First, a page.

An ornately carved oak bed that spent 15 years in the honeymoon suite of a hotel in Chester, in the United Kingdom, had a remarkable hidden history: Experts recently found that it is likely to be a long-lost royal marriage bed dating to the 15th century.
In it, the nuptial frolics of King Henry VII and Elizabeth of York celebrated the end of the Wars of the Roses (during which King Richard III died) and birthed England's famed Tudor dynasty.
The bed's former identity came to light after it was retired from the hotel and discarded in a parking lot. It was rescued by an antiques dealer who listed it as "a profusely carved Victorian four poster bed with armorial shields," according to a description from a symposium about the bed's history, held on Jan. 21 at the Victoria and Albert Museum in London.
When Ian Coulson, a restorer and dealer of antique beds, purchased the bed online in 2010, he discovered that the wood was far older than the seller suspected. What's more, the bed's embellishments hinted at royal origins, National Geographic reported. [Family Ties: 8 Truly Dysfunctional Royal Families]
Its four posts are tipped with carved lions, one of which is missing a tail. Carvings of crests, vines and heraldic shields cover the frame, and the headboard includes a triptych with a central panel of Adam and Eve, Coulson wrote in a blog post.
Clues in the varnished wood and in the quality and content of the carvings suggested to Coulson that this was a royal bridal bed, and that it belonged to Henry VII, Nat Geo reported. While the claim initially seemed far-fetched, Coulson spent the next nine years accumulating evidence of the bed's lofty origins; he and other experts presented their findings at the symposium.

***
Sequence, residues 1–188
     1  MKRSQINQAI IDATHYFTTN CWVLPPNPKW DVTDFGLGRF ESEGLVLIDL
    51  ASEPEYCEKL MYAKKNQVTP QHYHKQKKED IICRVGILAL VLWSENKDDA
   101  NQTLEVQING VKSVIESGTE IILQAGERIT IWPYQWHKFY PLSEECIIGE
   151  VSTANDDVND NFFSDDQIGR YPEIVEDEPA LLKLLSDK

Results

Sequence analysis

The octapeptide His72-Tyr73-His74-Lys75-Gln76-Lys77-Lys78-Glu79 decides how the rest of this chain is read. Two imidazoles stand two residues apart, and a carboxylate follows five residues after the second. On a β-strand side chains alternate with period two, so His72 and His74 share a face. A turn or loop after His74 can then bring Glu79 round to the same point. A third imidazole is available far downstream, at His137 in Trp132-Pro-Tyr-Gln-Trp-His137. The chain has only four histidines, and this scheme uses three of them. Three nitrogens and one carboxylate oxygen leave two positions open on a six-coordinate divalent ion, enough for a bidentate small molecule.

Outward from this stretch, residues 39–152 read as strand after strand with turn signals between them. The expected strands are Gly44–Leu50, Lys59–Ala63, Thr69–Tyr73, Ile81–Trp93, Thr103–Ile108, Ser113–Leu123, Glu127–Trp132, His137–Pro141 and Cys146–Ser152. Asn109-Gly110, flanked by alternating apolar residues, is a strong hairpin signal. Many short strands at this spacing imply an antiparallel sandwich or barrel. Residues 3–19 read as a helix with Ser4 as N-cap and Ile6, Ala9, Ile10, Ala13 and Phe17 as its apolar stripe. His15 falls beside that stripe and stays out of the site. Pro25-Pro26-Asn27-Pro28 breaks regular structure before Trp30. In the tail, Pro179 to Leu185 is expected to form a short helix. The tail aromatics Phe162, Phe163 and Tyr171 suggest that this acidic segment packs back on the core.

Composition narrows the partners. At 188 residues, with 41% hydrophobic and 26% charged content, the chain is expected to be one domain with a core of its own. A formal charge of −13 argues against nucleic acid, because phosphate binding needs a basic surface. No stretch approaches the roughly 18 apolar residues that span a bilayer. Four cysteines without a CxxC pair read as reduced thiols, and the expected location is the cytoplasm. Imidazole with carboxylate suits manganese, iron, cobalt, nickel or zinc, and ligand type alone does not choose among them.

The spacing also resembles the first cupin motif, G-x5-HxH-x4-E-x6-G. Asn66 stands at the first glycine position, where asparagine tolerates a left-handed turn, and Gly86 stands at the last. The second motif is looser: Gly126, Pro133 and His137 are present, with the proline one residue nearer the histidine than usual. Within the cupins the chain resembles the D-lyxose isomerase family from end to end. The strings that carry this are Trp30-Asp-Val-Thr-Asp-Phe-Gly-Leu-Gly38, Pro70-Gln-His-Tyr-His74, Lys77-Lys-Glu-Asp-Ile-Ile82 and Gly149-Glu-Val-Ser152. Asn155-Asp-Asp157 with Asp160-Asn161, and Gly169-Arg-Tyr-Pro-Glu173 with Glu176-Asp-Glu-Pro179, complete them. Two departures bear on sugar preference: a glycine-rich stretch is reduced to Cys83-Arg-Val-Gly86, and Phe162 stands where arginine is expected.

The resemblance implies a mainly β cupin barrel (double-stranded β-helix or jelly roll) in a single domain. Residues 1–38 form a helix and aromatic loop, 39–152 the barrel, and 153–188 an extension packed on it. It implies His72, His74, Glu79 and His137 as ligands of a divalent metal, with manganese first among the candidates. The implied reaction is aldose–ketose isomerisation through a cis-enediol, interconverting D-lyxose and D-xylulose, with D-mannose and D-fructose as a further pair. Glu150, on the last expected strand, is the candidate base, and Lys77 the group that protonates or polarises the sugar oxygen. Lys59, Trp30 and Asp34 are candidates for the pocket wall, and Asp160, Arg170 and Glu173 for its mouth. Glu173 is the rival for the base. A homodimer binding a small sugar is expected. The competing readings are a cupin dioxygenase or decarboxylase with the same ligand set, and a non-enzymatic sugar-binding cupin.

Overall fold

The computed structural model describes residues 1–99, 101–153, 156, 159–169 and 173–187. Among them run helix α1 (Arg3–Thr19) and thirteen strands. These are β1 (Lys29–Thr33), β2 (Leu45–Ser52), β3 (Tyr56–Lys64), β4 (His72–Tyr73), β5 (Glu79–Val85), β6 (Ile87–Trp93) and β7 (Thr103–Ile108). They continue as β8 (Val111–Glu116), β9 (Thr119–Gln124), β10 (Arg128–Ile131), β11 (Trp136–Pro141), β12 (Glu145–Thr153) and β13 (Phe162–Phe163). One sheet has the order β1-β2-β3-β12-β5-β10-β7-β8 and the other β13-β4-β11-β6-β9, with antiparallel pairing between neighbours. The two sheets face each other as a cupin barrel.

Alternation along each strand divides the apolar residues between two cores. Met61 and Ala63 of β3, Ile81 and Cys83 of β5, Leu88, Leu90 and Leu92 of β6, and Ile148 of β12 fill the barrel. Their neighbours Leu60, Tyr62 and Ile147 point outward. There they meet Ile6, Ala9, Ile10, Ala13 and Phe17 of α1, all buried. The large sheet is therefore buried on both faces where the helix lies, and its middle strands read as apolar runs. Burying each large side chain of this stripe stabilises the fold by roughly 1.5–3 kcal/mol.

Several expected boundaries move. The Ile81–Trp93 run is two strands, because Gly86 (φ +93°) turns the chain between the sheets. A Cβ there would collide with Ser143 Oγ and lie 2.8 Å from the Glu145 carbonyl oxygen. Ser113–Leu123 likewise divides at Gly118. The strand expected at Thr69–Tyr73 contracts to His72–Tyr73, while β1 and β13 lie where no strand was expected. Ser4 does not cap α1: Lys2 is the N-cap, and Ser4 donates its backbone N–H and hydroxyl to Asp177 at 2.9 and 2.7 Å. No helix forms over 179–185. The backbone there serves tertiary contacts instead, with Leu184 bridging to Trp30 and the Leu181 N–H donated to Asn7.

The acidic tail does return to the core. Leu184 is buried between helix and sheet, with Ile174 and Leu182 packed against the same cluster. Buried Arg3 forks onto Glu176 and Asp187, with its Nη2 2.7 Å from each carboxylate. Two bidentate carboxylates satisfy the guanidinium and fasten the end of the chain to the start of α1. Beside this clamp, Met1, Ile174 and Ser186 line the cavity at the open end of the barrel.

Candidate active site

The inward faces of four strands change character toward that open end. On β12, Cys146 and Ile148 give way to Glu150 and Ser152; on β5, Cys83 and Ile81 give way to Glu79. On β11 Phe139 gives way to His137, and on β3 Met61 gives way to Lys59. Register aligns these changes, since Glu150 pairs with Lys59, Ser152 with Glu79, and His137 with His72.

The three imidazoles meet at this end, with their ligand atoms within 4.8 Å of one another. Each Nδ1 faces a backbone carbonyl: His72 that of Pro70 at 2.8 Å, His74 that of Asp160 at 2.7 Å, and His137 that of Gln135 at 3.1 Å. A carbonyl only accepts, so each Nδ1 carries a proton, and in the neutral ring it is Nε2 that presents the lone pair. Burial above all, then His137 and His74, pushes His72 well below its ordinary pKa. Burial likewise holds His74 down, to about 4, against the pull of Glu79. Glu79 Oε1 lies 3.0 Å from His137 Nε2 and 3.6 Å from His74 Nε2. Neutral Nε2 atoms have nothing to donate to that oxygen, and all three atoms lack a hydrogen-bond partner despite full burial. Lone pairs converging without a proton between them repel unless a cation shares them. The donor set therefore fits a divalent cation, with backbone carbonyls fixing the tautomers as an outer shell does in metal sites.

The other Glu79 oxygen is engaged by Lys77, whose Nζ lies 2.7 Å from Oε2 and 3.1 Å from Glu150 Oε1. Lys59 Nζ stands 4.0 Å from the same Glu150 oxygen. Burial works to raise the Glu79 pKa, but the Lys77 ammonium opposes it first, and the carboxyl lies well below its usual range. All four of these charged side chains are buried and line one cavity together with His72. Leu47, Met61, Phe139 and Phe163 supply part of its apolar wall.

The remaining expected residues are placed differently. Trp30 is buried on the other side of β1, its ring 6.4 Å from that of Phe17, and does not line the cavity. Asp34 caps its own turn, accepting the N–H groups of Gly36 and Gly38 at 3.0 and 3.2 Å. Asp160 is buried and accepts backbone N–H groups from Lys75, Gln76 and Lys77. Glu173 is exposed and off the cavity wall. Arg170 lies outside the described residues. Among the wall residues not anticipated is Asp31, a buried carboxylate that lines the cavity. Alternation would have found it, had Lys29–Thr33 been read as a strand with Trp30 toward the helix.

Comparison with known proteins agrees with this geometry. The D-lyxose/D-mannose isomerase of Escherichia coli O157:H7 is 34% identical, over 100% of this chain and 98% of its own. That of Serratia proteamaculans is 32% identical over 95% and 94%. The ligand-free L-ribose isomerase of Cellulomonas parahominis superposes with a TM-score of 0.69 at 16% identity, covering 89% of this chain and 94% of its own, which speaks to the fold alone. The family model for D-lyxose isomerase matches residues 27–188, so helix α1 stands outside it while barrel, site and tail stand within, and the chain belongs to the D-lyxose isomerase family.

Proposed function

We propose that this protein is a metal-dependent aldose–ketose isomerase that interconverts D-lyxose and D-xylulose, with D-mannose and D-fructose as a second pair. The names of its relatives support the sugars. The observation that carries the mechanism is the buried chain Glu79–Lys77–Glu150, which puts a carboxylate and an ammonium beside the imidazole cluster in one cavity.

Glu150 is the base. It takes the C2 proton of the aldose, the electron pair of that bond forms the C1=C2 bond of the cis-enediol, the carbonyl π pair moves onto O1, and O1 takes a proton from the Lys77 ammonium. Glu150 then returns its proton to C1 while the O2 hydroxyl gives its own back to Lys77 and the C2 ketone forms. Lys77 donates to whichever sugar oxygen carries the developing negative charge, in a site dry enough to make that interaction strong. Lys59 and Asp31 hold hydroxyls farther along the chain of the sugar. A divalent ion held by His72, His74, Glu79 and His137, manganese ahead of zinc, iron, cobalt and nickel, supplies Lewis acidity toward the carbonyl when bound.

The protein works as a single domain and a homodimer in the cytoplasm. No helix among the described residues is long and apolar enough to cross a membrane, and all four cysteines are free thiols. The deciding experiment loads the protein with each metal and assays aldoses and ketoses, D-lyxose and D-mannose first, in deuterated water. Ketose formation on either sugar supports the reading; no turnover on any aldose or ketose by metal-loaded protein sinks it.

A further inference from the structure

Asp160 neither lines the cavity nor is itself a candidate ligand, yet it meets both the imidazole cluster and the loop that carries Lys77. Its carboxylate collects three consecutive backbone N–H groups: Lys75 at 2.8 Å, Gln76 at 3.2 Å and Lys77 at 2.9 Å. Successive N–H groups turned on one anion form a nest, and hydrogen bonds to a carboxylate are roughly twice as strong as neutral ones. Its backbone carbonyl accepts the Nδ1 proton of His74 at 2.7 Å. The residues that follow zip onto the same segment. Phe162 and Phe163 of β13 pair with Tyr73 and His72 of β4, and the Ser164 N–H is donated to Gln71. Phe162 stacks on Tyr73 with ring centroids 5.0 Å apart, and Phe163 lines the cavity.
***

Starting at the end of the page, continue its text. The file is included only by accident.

Fit for a king
When Coulson initially examined the bed, he found more damage to the sturdy oak than would reasonably be expected for a bed that had been made during the Victorian era, and the amount of oxidation in the bedposts would have taken centuries to accumulate, he wrote.
The faces in the Adam and Eve headboard carving resemble early portraits of Henry VII and his queen; and the figures are surrounded by fertility symbols — acorns, grapes and strawberries, historian Jonathan Foyle wrote in a leaflet describing the bed.
Meanwhile, emblems such as stars, shields, lions and roses carved into the bed frame were frequently associated with Tudor royalty; together, they matched the style of surviving Tudor beds from the 15th and 16th centuries.
"The self-evident age of the timber, the royal devices with the lack of other family insignia and the exquisite design and execution of the carving convinced me that this was a royal bed of Henry VII," Coulson wrote.
DNA analysis of the wood confirmed that it was oak from central Europe of the genetic variety known as Haplotype-7, found from southern France through Belarus, and all of it came from the same tree, according to the online news outlet Hexham-Courant. Samples of paint under the headboard varnish revealed flecks of ultramarine; this vivid blue medieval pigment was more precious than gold and likely would have been used only to decorate beds belonging to royalty, Coulson said.
The marriage of Henry VII and Elizabeth of York was a turning point in British history. The event united the rival houses of York and Lancaster and ended the 30-year conflict known as the Wars of the Roses, launching the British dynasty known as the house of Tudor.
The bed was likely installed in a ceremonial bedchamber in Westminster Palace for the enjoyment of the newlywed king and queen, following their wedding in Westminster Abbey on Jan. 18, 1486, Foley wrote in the leaflet.
Most of the Tudor belongings from that period were lost, burned up in fires set by anti-royalists under Oliver Cromwell during the 17th century; until now, the only known Tudor bed to have escaped burning was a headboard fragment that once belonged to Henry VIII and Anne of Cleves, the Hexham-Courant reported. However, Henry VII's bed is thought to have survived the fires set in Westminster because it was sent to Lancashire in 1495, according to The Langley Collection.
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Originally published on Live Science.